The MIT program now known as MITES (Minority Introduction to Engineering and Science) was established in 1974 as the MITE (Minority Introduction to Engineering) Program. The MITE program was created as part of a national effort sponsored by the then Engineers' Council for Professional Development. The objective of the program was to increase the number of underrepresented minorities in the engineering profession by exposing students to engineering during their high school years.

 What started as a two-week residential summer program on the MIT campus with 37 students and a focus on career orientation has evolved into a six-and-a-half week slice of academic life with 60-80 participants. Students now take courses in calculus, physics, biology/ biochemistry/ chemistry, humanities, genomics, digital design, electronics, architecture and engineering design. These high school juniors gain a better perspective about college and can take advantage of their senior year in high school to prepare for college and their professional careers. Since its inception, more than 1,600 students have participated in MITES, of which 32 percent have matriculated at MIT and over 80% have gone on to major in technical fields.

 Now MITES is a part of MIT’s Office of Engineering Outreach Programs (OEOP) in the School of Engineering (SoE), which also runs four other programs for middle and high school students. In 2002, OEOP launched the Saturday Engineering Enrichment and Discovery (SEED) Academy as a companion program to MITES focused on exposing high school students from the Boston area to engineering fields.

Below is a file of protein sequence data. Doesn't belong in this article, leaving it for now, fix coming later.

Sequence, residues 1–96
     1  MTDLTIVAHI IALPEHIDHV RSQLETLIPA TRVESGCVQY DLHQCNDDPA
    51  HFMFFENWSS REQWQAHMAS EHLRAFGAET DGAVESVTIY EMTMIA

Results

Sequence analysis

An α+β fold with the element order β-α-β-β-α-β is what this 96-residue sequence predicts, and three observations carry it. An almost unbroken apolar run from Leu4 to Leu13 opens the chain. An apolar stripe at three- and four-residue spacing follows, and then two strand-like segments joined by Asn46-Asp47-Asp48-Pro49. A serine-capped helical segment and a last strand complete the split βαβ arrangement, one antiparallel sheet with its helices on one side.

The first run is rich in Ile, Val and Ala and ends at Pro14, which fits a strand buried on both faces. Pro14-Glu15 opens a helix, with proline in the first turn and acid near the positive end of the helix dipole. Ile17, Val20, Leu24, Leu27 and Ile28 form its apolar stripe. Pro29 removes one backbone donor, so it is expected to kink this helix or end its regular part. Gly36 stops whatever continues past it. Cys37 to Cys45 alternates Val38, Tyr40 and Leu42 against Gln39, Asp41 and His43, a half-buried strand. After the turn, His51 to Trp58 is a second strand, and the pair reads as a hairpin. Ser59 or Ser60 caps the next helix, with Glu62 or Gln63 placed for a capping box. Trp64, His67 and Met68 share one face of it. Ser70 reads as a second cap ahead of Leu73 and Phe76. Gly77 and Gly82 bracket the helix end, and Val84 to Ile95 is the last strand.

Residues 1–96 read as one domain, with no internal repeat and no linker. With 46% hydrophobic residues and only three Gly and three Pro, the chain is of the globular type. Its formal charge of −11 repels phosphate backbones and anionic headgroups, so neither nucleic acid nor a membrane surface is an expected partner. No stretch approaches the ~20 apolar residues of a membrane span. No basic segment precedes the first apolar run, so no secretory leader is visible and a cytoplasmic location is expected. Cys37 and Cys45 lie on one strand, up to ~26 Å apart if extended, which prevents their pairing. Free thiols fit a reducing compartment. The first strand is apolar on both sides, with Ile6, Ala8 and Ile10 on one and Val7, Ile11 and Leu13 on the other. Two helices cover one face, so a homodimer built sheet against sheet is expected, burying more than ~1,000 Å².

The success of both the MITES Program and SEED Academy has led to the development of OEOP activities to nurture the interest of middle school students in math and science. In 2004, the Science, Technology, Engineering and Math (STEM) Program was established to provide local students with enrichment activities through summer, mentoring, and parent programming. In 2007, the MIT Science of Baseball Program (MSBP) was launched to provide opportunities for local young males to increase their interest in math and science through the game of baseball.

 These programs have affected the lives of thousands of students locally and nationally. Most importantly, they have led to an increase in the number of students who pursue careers in science and engineering.

Massachusetts Institute of Technology, Office of Engineering Outreach Programs

Building 1-123, 77 Massachusetts Avenue, Cambridge 02139